In June 2018, the Supreme Court upended e-commerce with a 5-4 ruling in South Dakota v. Wayfair, Inc., allowing states to collect sales tax for sales on the web in which the merchant had no physical presence in that state. The problem with the ruling, however, is that it opened the floodgates and provided no practical guidance for compliance, with Chief Justice John Roberts stating in his dissent that the ruling “breezily disregards the costs that its decision will impose on retailers,” adding that “correctly calculating and remitting sales taxes on all e-commerce sales will likely prove baffling for many retailers.”
Larger retailers like Amazon are practically unaffected by the change. Amazon began voluntarily collecting sales taxes in states that levy them in 2012 for items sold by Amazon, though merchants selling on Amazon and other platforms bear the burden of complying with the hodgepodge of tax laws across the US.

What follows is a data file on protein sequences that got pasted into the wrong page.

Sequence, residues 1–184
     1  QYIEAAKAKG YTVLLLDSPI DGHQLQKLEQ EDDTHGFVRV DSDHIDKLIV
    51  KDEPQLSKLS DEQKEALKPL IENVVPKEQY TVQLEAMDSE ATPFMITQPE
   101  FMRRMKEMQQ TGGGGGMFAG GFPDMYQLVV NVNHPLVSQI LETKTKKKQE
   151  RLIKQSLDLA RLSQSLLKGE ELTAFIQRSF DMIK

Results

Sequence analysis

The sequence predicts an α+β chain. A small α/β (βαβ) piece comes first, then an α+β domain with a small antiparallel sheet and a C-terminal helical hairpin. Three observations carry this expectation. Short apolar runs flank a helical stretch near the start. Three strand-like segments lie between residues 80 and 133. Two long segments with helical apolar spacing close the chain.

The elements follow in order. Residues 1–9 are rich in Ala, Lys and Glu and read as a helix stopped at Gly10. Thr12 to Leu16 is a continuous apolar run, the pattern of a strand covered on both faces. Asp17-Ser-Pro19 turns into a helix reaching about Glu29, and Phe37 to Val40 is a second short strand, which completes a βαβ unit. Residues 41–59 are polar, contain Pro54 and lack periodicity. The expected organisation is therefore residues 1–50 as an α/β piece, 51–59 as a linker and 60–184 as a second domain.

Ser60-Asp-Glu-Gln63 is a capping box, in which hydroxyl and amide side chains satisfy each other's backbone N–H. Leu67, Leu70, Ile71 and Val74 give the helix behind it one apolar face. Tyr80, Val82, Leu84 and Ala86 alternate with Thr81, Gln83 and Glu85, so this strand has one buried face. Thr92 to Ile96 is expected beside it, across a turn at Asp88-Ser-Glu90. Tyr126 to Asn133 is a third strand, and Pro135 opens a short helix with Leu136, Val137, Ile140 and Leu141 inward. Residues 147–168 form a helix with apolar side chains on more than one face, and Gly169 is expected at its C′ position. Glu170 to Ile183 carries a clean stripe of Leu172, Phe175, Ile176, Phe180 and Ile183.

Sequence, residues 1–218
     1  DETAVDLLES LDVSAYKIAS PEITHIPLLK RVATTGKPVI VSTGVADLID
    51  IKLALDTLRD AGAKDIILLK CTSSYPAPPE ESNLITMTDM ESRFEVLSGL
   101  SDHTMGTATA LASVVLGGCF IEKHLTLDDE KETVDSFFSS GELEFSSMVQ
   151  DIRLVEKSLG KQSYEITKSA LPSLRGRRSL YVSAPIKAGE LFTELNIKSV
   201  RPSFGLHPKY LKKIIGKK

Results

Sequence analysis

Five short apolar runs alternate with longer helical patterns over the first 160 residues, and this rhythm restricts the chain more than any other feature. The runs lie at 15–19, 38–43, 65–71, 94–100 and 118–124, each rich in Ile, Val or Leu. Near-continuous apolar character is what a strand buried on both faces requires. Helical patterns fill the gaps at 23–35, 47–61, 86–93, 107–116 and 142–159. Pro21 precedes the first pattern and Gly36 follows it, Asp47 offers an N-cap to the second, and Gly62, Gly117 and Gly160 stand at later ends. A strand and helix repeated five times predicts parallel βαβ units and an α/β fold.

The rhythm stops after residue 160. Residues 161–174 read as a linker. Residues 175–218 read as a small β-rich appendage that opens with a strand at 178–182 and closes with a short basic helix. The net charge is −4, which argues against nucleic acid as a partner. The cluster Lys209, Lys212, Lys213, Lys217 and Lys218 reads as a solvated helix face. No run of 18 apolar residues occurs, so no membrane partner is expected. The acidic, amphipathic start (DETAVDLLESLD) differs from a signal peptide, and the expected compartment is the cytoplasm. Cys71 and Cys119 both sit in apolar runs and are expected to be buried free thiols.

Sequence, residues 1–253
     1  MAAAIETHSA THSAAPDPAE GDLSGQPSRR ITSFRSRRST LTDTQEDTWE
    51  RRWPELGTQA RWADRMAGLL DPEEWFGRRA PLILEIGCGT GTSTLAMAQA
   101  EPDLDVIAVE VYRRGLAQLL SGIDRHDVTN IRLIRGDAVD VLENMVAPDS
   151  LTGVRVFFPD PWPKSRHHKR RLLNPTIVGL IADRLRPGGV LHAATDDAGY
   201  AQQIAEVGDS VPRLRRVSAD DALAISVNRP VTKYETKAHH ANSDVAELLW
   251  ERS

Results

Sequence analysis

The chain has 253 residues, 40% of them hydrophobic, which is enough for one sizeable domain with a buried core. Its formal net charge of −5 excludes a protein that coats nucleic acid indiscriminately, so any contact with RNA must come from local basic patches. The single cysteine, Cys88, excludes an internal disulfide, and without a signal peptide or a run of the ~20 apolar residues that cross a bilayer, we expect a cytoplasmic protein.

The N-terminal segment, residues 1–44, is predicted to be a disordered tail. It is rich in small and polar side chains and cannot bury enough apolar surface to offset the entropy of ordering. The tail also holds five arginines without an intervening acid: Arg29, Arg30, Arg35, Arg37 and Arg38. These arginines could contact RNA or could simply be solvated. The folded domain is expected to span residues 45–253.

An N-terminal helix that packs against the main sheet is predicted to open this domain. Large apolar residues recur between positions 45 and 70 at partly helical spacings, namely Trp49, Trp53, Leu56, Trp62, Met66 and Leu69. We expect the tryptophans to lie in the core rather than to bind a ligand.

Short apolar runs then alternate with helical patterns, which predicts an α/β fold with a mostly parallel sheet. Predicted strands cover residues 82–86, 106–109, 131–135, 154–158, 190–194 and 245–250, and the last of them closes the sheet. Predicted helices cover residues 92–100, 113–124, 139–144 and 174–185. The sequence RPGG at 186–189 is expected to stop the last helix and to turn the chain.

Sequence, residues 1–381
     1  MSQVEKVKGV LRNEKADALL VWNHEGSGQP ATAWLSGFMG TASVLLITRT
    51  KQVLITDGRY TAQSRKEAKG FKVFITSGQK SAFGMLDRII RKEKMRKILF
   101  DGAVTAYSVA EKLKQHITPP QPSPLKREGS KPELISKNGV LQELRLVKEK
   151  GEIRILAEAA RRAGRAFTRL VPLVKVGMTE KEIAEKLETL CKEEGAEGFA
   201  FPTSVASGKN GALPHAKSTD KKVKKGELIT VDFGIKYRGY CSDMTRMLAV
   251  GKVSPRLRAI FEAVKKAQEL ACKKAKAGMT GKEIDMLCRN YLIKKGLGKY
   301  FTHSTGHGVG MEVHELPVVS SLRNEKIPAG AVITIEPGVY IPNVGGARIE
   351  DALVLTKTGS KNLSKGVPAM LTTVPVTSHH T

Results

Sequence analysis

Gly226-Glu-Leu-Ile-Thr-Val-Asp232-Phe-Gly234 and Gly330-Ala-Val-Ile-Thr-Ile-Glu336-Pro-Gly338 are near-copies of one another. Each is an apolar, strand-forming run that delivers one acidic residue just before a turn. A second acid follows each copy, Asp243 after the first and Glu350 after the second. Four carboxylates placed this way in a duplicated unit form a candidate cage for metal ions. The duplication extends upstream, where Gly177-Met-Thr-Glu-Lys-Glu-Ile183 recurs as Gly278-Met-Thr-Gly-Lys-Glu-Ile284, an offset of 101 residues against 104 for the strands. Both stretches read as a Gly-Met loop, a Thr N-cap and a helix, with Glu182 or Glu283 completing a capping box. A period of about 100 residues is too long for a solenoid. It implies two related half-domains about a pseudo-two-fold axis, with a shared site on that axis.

This situation is further complicated by the California Tax and Fee Administration (CDTFA), which is pursuing up to eight years of unpaid back taxes from users of Fulfillment by Amazon (FBA) services when selling items through Amazon Marketplace, claiming that Amazon’s fulfillment centers constitute physical nexus in California. This interpretation of nexus—which is contested—makes merchants liable for sales tax in California for past sales, not just sales tax for items sold after the Wayfair decision.
The CDTFA has issued demand letters to Amazon to force disclosure of business information, according to correspondence provided to TechRepublic by the Online Merchants Guild, a trade association advocating for merchants including those utilizing FBA services. Likewise, the CDTFA is demanding that sellers obtain permits to sell in California, informing sellers that failing to “voluntarily comply” with registration “can be prosecuted” for a felony, punishable by up to three years in prison, and/or fines.
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by James Sanders
March 14, 2019